While the EP in question had some meaning, within its own narrative at least, primarily the title track, plus a decent surprise courtesy of a random KISS cover, the EP lacked in the overall absurdity that I had familiarised myself with. This brings us to the here and now, and, merely three months later, the duo have returned with yet another brand-new EP entitled “Oxytocin High”. If previous releases are anything to go by, I could do with some drugs to get through this! With that being said, let’s dust off the old walk-man, pop in that cassette tape and hope we remember how to fucking work the damn thing...
We kick things off with the title track, and it’s time to do a little googling; what actually IS oxytocin? Are we about to get off our tits on some, brain-melting, kaleidoscopic hallucinogens? I should be so lucky. It’s actually a hormone produced in the hypothalamus, and known as the “love hormone”, it helps facilitate childbirth and aftercare. It plays a vital role in emotional bonding and, feeling a connection between people...allegedly. I think my brain is out of stock in that department. I digress, the track gets underway with some pulsing electronic notes, and some hushed, autotuned vocals, as Diana asks “Why can’t you be fucking happy?” ...and it’s a good question.
It’s a song about contentment; the idea of chasing a love, or, a bond you may never find; not satisfied, the grass being forever greener on every other side, and needing to realise the quick thrill of that, one moment of passion, lust and wanting, isn’t going to make you happy in the long run. You’ll forever be chasing your next fix, romantically and emotionally, eventually failing to feel satisfaction, and it wonderfully uses our desire for love, comfort, and togetherness as a flaw. It’s a deep song, but it’s balanced by an incredibly light, bubbly, retro synth-pop aesthetic that’s been plucked straight out of the 80’s with a modern dance vibe, and it works.
We follow this up with EP highlight “Aerobic” and while it tonally could easily match ERIC PRYDZ for dirty dance anthem sensuality, I went into this thinking exclusively of Douglas Reynholm conducting secretive sexy dance classes. All of the short-shorts and hip-thrusting going on with this one, getting a proper sweat on by here! The track itself is a lively, pulsing piece of electronica, with up-beat pop vibes aplenty and some clap-along percussion; it’s the kind of track you’d imagine the lad's sniffing ketamine to in Kooler’s in Merthyr Tydfil. I like this.
Next up, we get “Whore On The Floor” and... it’s a little disappointing. On face value, you’d think KIM PETRAS has highjacked the track to continue her slut-pop revolution; dancing her knickers off, bleating her way around the club like the very throat goat she claims she is, but really, it’s a slow, anti-climactic track. The whore might be on the floor, but, she’s out for the count, and you just want to call her a taxi home. Poor girl’s been on her knees all day give her a rest! Other than some minimalist catchy synths, this is incredibly tame by comparison to the aforementioned and I hereby challenge Diana to lyrically out-slut Kim Petras. Maybe even a collaboration? Who knows? Fuck, that’s who...fuck knows.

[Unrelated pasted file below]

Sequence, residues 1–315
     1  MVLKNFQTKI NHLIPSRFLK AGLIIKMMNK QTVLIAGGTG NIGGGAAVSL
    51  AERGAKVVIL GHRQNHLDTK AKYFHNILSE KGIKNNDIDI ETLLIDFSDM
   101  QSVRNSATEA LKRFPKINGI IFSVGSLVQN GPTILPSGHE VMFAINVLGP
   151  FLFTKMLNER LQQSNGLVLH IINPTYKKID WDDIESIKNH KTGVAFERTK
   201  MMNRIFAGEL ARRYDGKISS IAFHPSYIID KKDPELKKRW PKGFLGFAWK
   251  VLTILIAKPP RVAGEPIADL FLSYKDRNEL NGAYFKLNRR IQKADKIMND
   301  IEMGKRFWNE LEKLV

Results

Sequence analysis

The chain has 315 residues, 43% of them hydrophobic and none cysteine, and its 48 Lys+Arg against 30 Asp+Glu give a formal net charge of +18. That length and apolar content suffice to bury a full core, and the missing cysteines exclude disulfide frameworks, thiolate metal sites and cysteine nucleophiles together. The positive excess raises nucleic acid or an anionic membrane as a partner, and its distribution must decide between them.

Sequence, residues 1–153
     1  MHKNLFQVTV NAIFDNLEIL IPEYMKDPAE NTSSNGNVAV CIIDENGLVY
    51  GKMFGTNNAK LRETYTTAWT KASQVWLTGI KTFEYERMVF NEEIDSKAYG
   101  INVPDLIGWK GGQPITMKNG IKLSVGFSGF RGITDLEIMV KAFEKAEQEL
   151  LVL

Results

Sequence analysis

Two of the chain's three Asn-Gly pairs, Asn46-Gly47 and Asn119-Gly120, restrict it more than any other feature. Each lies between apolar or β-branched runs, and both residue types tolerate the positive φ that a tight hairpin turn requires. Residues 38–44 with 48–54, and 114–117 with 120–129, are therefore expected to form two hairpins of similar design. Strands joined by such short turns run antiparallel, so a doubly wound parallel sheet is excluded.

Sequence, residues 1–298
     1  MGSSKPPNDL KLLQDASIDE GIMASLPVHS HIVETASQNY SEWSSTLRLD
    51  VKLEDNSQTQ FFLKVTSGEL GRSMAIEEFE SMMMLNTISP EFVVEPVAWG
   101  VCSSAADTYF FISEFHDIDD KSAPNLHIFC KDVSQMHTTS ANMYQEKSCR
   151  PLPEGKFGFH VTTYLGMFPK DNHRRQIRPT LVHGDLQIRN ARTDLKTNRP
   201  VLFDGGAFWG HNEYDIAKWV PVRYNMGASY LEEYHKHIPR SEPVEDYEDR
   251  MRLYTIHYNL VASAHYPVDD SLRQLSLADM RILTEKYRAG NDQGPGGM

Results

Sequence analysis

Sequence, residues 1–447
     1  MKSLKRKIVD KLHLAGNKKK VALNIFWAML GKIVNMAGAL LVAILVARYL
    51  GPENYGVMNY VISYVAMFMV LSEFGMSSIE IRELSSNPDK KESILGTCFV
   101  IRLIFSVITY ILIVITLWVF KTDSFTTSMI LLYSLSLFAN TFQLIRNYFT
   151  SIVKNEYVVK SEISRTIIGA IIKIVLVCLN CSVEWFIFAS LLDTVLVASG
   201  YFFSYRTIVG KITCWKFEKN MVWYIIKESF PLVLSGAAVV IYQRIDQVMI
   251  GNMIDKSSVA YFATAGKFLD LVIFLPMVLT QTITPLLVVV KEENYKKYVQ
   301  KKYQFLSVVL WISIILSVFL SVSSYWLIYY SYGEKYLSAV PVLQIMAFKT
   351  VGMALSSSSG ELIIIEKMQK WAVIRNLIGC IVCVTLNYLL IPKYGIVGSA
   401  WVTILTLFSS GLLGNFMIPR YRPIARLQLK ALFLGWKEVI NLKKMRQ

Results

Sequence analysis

Last time around we highlighted their KISS cover; "I Was Made For Loving You", which genuinely suited them aesthetically, but here we have another cover to potentially appeal to a wider audience, and it comes in the form of SALT-N-PEPPA classic “Push It”. While it retains a lot of the tracks original 80’s quirkiness, it does come across as more of a medley or, a mash up, with original lyrics and snippets of THE KINKS thrown in for good measure, and to be perfectly honest, it’s better. It’s more of a substantial version, with less filler and it’s not like it’s been musically drawn-out needlessly. Credit where it’s due, they’ve got a knack for picking covers than work for them. The final track then is just a remix of the title track and it’s your typical, generic dance-inspired remix; nothing spectacular whatsoever and nothing worth mulling over.
Overall, it appears that, while there are still subtle nods to some of that aforementioned absurdity, Junksista are slowly but surely taking their ass off the whoopee cushion. Believe me when I say this; the band are maturing, but I don’t mean it in a patronising way, there is a genuine, evolution in the duo’s lyricism, and while they still have their little digs here and there, they aren’t over the top. Going forward, they are even more so now, situated to be at the forefront of a fresh generation of alternative synth-wave, and could easily keep the genre alive and kicking.
Previous efforts may not have contributed to the release of much oxytocin, I’ll level with you, but steadily, you can be a junkie for Junksista and not feel ashamed. Controlled doses, I guess? Perfect? No. Diana’s vocal delivery, with her spoken word, hushed tones, ARE niche, but they are delivering catchy tracks that will get them increasingly picked up at alt. Club nights across Europe, and I do believe there are bigger and better things to come. In the meantime, the club is now closed, and there is still a whore on the floor...I have hoovering to do...is she dead?